An #ActuallyAutistic Review of ABC’s “The Good Doctor”

This blog entry is from the archives on my personal blog, SAspie blog. I originally posted it in November of 2017, but I really enjoy this show and think that it is one worth watching. This review is on the first half of season 1. The second half was just as good, and I am currently enjoying season 2.

I recently just watched the first episodes of ABC’s, “The Good Doctor.” It is about a doctor who has autism and savant syndrome. I generally have no interest in medical-related shows, but I decide to give “The Good Doctor” a go because I was interested in seeing how Freddie Highmore displayed autism in his character, Shaun Murphy.

I think that he, as well as the producers of the show, portrayed autism in a fairly realistic way.  I have had trouble finding things on or revolving around autism that did not seem overdone, completely unrelatable, or condescending to people with autism.

Of course, my view of this show is purely my own, and I am in no way saying everyone on the spectrum will enjoy this show. Also, there are spoilers in this post; so, if unlike me you do not enjoy predictability, you may want to tune out of this blog post if you intend on watching it yourself.

Dr. Murphy is in a constant battle with his coworkers and patients to prove that he can be a brilliant surgeon despite his autism. They worry that he may lack empathy and scare the patients or that he may feel overloaded and have a meltdown while performing surgery or other surgical tasks.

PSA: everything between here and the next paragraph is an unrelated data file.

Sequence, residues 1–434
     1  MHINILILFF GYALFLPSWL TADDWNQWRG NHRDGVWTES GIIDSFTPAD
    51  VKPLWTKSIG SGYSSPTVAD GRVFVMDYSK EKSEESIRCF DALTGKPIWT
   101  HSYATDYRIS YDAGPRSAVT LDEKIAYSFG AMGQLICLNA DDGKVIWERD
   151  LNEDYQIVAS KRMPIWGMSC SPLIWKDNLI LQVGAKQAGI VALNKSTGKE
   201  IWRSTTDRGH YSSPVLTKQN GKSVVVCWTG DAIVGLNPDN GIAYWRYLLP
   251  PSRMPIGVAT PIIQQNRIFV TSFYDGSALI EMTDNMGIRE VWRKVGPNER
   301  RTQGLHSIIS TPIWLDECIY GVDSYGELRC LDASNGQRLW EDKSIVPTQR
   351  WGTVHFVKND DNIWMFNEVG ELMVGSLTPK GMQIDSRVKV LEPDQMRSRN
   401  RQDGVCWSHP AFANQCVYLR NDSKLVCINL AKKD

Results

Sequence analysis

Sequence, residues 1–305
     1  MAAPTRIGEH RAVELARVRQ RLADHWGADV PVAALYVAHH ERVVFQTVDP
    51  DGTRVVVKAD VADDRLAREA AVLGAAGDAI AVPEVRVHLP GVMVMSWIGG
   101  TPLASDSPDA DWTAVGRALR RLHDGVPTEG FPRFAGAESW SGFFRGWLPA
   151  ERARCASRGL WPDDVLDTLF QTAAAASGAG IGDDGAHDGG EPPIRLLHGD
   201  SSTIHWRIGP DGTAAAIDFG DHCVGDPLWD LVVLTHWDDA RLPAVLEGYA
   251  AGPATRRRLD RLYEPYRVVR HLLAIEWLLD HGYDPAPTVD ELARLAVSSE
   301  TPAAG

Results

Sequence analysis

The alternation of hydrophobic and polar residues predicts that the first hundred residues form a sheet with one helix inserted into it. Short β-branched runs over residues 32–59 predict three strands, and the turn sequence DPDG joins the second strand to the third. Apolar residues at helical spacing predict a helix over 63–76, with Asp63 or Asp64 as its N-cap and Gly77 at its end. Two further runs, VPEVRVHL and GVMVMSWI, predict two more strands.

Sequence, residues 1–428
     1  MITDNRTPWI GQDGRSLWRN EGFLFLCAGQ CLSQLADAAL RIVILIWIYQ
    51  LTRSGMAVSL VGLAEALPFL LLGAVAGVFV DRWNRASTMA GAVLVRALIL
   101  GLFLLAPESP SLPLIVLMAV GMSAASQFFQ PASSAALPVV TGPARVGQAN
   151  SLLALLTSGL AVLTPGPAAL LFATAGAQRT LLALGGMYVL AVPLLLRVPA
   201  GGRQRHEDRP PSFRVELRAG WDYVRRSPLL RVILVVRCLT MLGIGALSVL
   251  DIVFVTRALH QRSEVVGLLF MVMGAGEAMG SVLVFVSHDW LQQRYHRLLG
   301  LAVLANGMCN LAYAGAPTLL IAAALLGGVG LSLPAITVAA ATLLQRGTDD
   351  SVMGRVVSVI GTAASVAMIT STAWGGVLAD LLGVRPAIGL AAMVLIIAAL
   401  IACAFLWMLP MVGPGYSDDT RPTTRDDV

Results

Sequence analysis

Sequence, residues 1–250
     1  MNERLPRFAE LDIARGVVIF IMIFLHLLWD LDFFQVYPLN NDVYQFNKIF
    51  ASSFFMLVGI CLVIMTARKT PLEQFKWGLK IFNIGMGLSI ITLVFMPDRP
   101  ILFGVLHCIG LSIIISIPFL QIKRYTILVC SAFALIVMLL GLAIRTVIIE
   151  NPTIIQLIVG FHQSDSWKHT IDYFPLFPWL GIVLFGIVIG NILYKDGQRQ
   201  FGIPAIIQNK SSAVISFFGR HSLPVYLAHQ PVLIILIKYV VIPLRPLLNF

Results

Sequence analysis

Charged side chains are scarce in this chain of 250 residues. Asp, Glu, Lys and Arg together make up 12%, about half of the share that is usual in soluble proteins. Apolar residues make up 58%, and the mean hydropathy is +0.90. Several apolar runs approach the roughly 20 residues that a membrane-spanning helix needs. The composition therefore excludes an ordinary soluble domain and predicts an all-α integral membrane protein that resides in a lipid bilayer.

In every episode, Shaun disproves negative theories around him, thus impressing those around him. He had a tough childhood replete with cruel bullies and negligent parents. He often has flash backs to moments in his adolescence, and they can be quite heart-wrenching. Part of the reason why he wanted to become a surgeon was because he watched his rabbit as well as his brother die in front of him before it was truly their time to go.

It seemed to be that the main reason the hospital decided to hire him, was not because of his extraordinary abilities as a surgeon, but because of why he wanted to become a surgeon. The overseers of the hospital wanted reassurance that he could feel emotions– and of course, he could.

Shaun is often confused by his co-workers due to social reasons. I find this part of his character to be highly relatable. And, if I am being completely honest, at times certain points in the show I do not understand some of the socializing that is going on.

Dr. Murphy is rather optimistic at times. I like that in spite of his extraordinary savant capabilities, he is not narcissistic, arrogant, or selfish in any way. Shaun is very honest. He questions things that I often find myself questioning. I am not a man, a surgeon, or someone with savant syndrome. Yet, despite my typical aversion to people, I find something familiar and comforting about watching him.

In episode 7, Shaun, for the first time, met someone else with autism. Claire, a fellow surgeon, asked him if he shared comfort or recognition with the patient. He said no and asked if she met someone who also had psoriasis, if she would share a kinship with them. Claire denied having psoriasis, but still believed that Shaun and the patient felt something between each other.

I understand both of their positions, and it only makes me feel more flummoxed about my own feelings towards other humans. I apologize for the self introspection as this post was not supposed to be about me, but it is a rarity that I ever relate to a person– even if they are fictional.

 

One thought

  1. Don’t apologize! This was an enlightening article. I’m going to have to watch the Good Doctor now even though, like you, I don’t care much for medical shows.

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